You’ll need to have additional Hilton points to use for the days that aren’t weekends.
Lastly, the annual fee of $95 and minimum spend of $2,500 in 4 months are quiet hefty for a hotel card.
Overall: Since I was unable to offload my Hilton points before the devaluation, I’m still sitting on 370k Hilton points, which nowadays, can only get me 4 nights at a top notch Hilton.
By adding 2 free weekend nights, I could theoretically spend 6 nights at the Hilton Bora Bora, which might make it worth going all the way out there.
Since there are no other Citi cards worth applying for now, this is an obvious choice.
Amex Hilton Hhonors Surpass
Pros: 60k Hilton points gets me closer to my ultimate goal of spending a week or so at a crazy awesome Hilton property, like the Hilton Bora Bora discussed above.
Also, you receive complimentary Gold status, which entitles you to free internet and free breakfast. That can save you tons of money during an extended hotel stay.
Cons: The minimum spend of $3,000 in 3 months is high for a hotel credit card, and the annual fee of $75 is not waived.
Overall: If I didn’t already have a ton of Hilton points, I wouldn’t get this card because the annual fee and minimum spend aren’t worth it for 60k.
However, because I’m working towards a specific goal, every little bit helps, which is why I’m applying for the card now.
US Bank Club Carlson Business card
Pros: The Club Carlson card is my favorite hotel credit card out there.
Well, the 85k sign up bonus is a ton of points. The top Club Carlson category is 50k/night, so right away the sign up bonus is good for almost 2 free nights at their top end hotels or 4-5 nights at a lower end hotel.
But it gets better….
You can get buy 1 get 1 free nights when using points. This doubles your free nights!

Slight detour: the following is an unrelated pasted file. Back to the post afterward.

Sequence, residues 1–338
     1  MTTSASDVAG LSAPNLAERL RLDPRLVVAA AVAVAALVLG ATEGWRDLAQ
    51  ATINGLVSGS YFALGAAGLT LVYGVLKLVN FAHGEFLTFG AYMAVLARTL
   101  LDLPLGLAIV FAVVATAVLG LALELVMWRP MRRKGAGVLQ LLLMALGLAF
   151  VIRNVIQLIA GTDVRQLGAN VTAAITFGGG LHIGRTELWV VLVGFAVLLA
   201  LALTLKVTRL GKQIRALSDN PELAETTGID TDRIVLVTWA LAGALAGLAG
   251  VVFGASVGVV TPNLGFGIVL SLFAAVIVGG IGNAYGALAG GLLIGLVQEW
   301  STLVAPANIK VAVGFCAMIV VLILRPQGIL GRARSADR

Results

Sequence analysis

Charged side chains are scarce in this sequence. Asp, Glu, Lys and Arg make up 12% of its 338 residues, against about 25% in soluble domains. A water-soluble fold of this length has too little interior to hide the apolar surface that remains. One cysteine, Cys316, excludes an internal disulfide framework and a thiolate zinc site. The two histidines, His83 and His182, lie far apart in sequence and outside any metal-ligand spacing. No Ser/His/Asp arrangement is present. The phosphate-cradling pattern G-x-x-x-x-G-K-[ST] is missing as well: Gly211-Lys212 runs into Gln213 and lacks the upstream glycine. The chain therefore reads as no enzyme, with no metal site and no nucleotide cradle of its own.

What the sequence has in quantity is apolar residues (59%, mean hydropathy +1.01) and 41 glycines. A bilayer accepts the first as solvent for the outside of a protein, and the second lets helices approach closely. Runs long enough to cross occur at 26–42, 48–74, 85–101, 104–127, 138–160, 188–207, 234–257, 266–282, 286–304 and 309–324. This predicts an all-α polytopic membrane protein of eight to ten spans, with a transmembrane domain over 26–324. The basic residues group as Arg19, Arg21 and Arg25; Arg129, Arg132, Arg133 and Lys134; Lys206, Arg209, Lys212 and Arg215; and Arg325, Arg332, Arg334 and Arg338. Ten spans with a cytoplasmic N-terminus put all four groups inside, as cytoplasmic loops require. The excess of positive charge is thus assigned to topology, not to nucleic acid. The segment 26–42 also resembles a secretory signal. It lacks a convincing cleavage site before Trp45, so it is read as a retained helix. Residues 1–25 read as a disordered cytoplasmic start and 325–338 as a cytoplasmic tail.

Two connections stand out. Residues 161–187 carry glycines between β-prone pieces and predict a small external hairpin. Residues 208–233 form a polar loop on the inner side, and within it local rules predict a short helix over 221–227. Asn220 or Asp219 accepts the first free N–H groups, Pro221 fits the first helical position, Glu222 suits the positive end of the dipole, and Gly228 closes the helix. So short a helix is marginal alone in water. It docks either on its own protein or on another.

The card also comes with an anniversary bonus of 40k, which negates the $75 annual fee.
Cons: The annual fee of $75 is not waived the first year and while the minimum spend of $2,500 in 3 month isn’t a killer, it is much higher than most hotel credit cards.
More importantly, US Bank only approved me for the lower version of the personal card (60k instead of 85k) last app-o-rama and have been known to be stingy.
Overall: While it makes sense to apply for this card, I’m not overly optimistic about getting it. US Bank doesn’t really ever reconsider their decisions, so if you get denied, there isn’t any recourse.
But the 85k points, with the ability to get buy 1 get 1 stays in Club Carlson properties, is enough to make me chance it.
Bank of America Alaskan Airlines
Pros: I already have 40k Alaskan Airlines miles from back in 2011, so adding on 30k would give me the ability to redeem for a nice flight somewhere.
The miles post immediately after approval, so no need to worry about a minimum spend.
Cons: 30k isn’t much, and Alaskan Airlines miles don’t work near as well for me since I live on the East Coast.
Overall: This is more of a “why not” application. 30k doesn’t move the needle much for me, but there is basically no effort to get it. So, why not?
There is also an offer for the same card which gives you 25k miles but offers $100 statement credit when spending $1,000 in the first 3 months. I’m still deciding between 30k or 25k and $100.
How Can I Get All Those Cards?
There are two keys to pulling off a successful App-o-Rama and getting approved for all the cards you applied for.
1. Apply for them all on the same day, and as close to simultaneous as possible. By doing this, you lower your chance at getting denied for “too many recent inquiries” since they will all be processing at the same time.
2. Spread out the cards you get by applying to different lenders. Don’t apply for 4 Chase cards at one time. You’ll get denied.
However, you can apply for 1 personal card and 1 business card from each lender, so I highly suggest looking at getting business cards.
In this AoR, I’m looking at applying for:
- 1 Chase personal card– Chase Hyatt or Chase Priority Club
- 1 Chase business card- Chase United Explorer Business
- 1 Amex personal card– Amex Hilton Surpass
- 1 Citi personal card- Citi Hilton Reserve
- 1 US Bank business card- Club Carlson
- 1 Bank of American personal card- Alaskan Airlines
Spread your applications among lenders and don’t get greedy and you’ll have a good shot at getting approved for all of them.
Will getting all these cards kill my credit score?
The short answer is, probably not. Check out this post on why that is and how my personal credit score has been affected (and its not negatively).
This AoR is a little more cut and dry due to the fact that I’m running out of great options.
However, I’d still love your opinions in the comments of what I should do, or if I’m missing a decent card.
Also, I wanted to show that even with opening 20+ cards in the last 2 years, there are still some options out there that provide good value.
You just got to dig a little!